Sanctions and bombs: how the UN and western powers committed mass murder in Iraq before the 2003 invasion

Posted: October 20, 2014 by Admin in At the coalface, British politics, Capitalist ideology, Imperialism and anti-imperialism, Iraq, Labour Party NZ, Middle East, National Party NZ, New Zealand history, New Zealand politics, Poverty & Inequality, United Nations, United States

This article first appeared in revolution magazine’s Middle East bulletin MidEast Solidarity, issue #1, Spring 2001. It looks at the division of labour between the United Nations and western imperialist powers in committing mass murder in Iraq in the 1990s; in 2003, of course, the US-led invasion took place, killing thousands more and devastating Iraq, creating the current morass. The authors were members of the bulletin’s editorial group and active in the Middle East Information and Solidarity Collective.

UN sanctions killed over a million Iraqis and softened up the country for an armed imperialist invasion, symbolising division of labour between UN and imperialist powers

UN sanctions killed over a million Iraqis and softened up the country for a subsequent armed imperialist invasion, symbolising division of labour between UN and imperialist powers

by Grant Poultney and Yan Lin

The purposes of the United Nations are:

1. To maintain international peace and security, and to that end: to take effective action collective measures for the prevention and removal of threats to the peace, and for the suppression of acts of aggression or other breaches of the peace, and to bring about by peaceful means, and in conformity with the principles of justice and international law, adjustment or settlement of international disputes or situations which might lead to a breach of the peace. . .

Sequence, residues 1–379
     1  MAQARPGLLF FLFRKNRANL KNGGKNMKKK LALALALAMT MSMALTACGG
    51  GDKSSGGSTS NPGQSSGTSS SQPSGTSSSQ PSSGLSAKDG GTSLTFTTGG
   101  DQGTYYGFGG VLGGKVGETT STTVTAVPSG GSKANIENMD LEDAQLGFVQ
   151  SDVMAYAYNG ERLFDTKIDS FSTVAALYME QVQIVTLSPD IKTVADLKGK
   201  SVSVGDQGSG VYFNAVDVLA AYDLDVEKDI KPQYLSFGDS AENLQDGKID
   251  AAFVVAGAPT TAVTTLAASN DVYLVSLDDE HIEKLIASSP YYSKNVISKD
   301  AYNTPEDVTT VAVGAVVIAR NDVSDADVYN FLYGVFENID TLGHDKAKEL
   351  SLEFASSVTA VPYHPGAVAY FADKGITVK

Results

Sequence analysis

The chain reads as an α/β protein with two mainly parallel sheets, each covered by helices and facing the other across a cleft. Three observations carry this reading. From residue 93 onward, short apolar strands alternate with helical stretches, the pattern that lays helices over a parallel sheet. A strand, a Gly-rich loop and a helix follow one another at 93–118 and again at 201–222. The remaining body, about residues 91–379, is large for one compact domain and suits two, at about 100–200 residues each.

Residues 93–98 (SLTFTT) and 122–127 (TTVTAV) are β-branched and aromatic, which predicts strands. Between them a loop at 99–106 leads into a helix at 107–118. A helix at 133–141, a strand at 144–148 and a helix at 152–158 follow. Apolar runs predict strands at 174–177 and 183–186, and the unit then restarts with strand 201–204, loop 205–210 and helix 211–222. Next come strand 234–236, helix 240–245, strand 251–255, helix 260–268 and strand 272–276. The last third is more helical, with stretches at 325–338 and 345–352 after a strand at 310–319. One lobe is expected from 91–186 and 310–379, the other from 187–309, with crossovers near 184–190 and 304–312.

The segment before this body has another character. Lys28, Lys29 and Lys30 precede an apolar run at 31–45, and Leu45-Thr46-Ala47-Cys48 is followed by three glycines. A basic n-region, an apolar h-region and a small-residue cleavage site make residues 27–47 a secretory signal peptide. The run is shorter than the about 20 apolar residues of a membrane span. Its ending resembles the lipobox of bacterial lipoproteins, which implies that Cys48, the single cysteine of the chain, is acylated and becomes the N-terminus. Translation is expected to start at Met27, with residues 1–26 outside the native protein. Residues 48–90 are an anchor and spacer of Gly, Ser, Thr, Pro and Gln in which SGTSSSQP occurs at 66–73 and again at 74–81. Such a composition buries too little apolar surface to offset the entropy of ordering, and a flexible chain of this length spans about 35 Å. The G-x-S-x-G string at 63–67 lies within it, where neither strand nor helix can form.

Chapter 1. Purposes and Principles: Article 1 of the United Nations Charter

On August 2, 1990, Iraq invaded Kuwait. Four days later, the United Nations implemented a trade embargo on Iraq. This paralysed the country. Before the sanctions were imposed, Iraq imported 70 percent of its food. The sanctions in place since 1990 have crippled one of the once-healthiest countries in the world. UK and US politicians justify having the sanctions in place to contain the threat of Saddam Hussein.

In 1999, the United Nations ICE Fund (UNICEF) reported that over half a million Iraqi children had died as a result of UN sanctions. This works out to be an average of 200 children a day. How do the deaths of these children fit in with the first article in the UN charter? What have they got to do with ‘containing’ Saddam Hussein?

Depleted uranium

Iraq also suffers a continuing legacy as a result of the United States using depleted uranium (DU) during the Gulf War. The United States and its allies dropped an estimated 5,000 to 6,000 DU tank rounds and bombs and 94,000 DU bullets on targets in southern Iraq. It is estimated that the contamination from these DU weapons will last around 4,500 million years and has the potential to kill around half a million people.

DU is what’s left over from the process of uranium enrichment, which produces reactor fuel and nuclear warheads. By coating conventional weapons with DU, they can penetrate armoured vehicles much more effectively. As DU is a waste product of the nuclear industry, it is also far cheaper to dump it coated on bombs onto the Third World than to store it in the West.

The DU contaminated water supplies and spread through the desert dust. It can either be ingested or inhaled. Prolonged internal exposure leads to respiratory diseases, breakdown of the immune system, leukemia, lung cancer and bone cancer. Cases of cancers in Iraq have risen tenfold since 1990. The UN sanctions prevent this knowledge from being accurately published and also prevent the mess from being cleaned up.